We met at a local breastfeeding support group, where we bonded over sore nipples, engorged breasts, all-night nurse-a-thons, and the profound joy of your baby smiling up at you while nursing. But it was much more than breastfeeding that drew us together—we were all brand-new moms, riding out this wild, crazy, often terrifying thing called parenting together.
Eventually, we started meeting for weekly playdates on our own, where we watched our babies transform into unruly, adorable toddlers. And we began sharing more than just parenting: Our conversations delved into marriage, our careers and even the state of the world.
It was the height of the recession of the late 2000s and several of our spouses lost their jobs. Many of us were trying to figure out how to balance motherhood with work, or how to eventually return to our careers and stay sane. For a few of us, our marriages were starting to break apart.
One friend left an abusive relationship, fleeing to the other side of the country late one night. We all pitched in keeping her safe—donating toys, car entertainment and gas money to send her on her way. It was bittersweet to watch her go and it felt like the end of an era. But it was the right thing for her, and the fact that we all had her backs was part of the reason she felt like she could make such a brave move.
As the years ticked on, I came to realize that these women—the ones whom I blossomed into motherhood with—were among my deepest, most cherished friends. Starting a family for the first time is a huge transition, one rife with stresses and full of triggers—and the people who wholeheartedly support you through this become your lifelong friends, your sisters.
You and your first mom friends found your voices together as parents.
Your first mom friends shared something with you that your other mom friends don’t quite get. They shared the startling uncertainty that defined new motherhood. The extreme sleep deprivation. The feeling like you are unsure if you’re going to raise decent humans or total hellions. They loved you through all the doubts, embarrassments and moment of low confidence.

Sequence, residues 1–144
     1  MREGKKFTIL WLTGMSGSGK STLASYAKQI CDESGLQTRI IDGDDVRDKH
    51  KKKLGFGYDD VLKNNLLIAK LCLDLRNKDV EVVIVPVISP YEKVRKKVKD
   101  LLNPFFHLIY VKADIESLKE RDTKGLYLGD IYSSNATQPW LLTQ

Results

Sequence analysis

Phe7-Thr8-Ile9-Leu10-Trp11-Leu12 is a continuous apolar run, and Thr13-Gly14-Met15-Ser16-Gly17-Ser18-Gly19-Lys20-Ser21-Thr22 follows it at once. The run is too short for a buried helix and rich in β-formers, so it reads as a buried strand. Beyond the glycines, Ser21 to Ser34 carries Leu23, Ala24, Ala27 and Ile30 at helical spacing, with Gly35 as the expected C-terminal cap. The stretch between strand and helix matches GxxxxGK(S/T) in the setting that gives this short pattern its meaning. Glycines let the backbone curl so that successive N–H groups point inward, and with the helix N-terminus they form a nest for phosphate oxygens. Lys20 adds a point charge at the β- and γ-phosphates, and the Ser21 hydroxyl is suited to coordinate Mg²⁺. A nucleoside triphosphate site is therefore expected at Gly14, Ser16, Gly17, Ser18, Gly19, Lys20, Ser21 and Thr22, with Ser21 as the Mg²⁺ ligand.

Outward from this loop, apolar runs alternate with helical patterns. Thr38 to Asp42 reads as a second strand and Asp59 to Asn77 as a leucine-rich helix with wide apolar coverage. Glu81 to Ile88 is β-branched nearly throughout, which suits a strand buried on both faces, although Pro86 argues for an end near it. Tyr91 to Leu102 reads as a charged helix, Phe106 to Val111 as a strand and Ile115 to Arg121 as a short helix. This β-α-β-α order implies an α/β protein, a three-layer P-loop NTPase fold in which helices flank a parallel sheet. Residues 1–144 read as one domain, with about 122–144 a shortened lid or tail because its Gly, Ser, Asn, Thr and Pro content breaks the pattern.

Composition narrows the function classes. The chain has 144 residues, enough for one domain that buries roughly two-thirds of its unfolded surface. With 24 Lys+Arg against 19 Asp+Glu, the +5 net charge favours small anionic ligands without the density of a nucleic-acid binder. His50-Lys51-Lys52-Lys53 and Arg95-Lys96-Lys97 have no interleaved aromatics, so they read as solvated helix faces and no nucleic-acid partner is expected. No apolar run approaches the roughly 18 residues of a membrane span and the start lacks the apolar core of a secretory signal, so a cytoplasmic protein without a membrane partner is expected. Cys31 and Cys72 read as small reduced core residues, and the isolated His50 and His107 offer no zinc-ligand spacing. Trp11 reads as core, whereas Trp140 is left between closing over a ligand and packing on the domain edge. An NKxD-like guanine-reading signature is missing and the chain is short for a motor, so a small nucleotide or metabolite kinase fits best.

They loved you without judgment because they were right there, living through it, too.
You and your first mom friends found your voices together as parents. You parenting styles may have been influenced by each other in some ways. You may have even made totally different choices along the way, but you saw that each choice the other made was shaped by specific life circumstances—and sometimes choices that were beyond control.
You could love your first mom friends unconditionally because you were intimate with all the nuanced differences that make each of our lives unique and beautiful.
And let’s not forget that your first mom friends love your first babies with a fierce loyalty as well. They love them as if they were their own. My first mom friends gets my eldest like no one else does. They saw his willfulness, his braininess and his sensitivity even as a young toddler. I know I can still ask for advice about how to handle his personality now, almost a decade later.
That’s the thing: Even when those toddler playdates and midnight texting sessions die away for the most part—even after years and years—your first mom friends will be there for you. Most of my early mom friends have moved away from the area where we first met but we stay in good touch, despite the fact that we almost all are ten times more busy than we were back when we only had one kid and a more flexible schedule.
And even when we’ve been out of touch for a few months, reconnecting is simple and easy. We can mention something about one of our kids, our spouses or our feelings and opinions about anything, and our first mom friends will just get it. They will nod along in agreement. They will still be able to meet us right where we are at, as parents and as women.
The kind of loyalty you build up with those friends can last a lifetime and any of us who have friends like these are truly lucky beyond measure.
Our day-to-day lives are built upon fear. Fear of failure. Fear of obsolescence. Fear of loneliness. The ever-popular fear of missing out (FOMO). Becoming a mother raises the dial on fear to about 23 billion degrees, especially when you're a new mom, and you haven't yet gained the self-confidence to fully trust your own motherly instincts.
Pregnant and already petrified out of your mind? I was once in your shoes. Read on to learn about the most commonplace fears you may experience as a newly minted mom, and learn why—when it comes down to it—you really should just simmer down.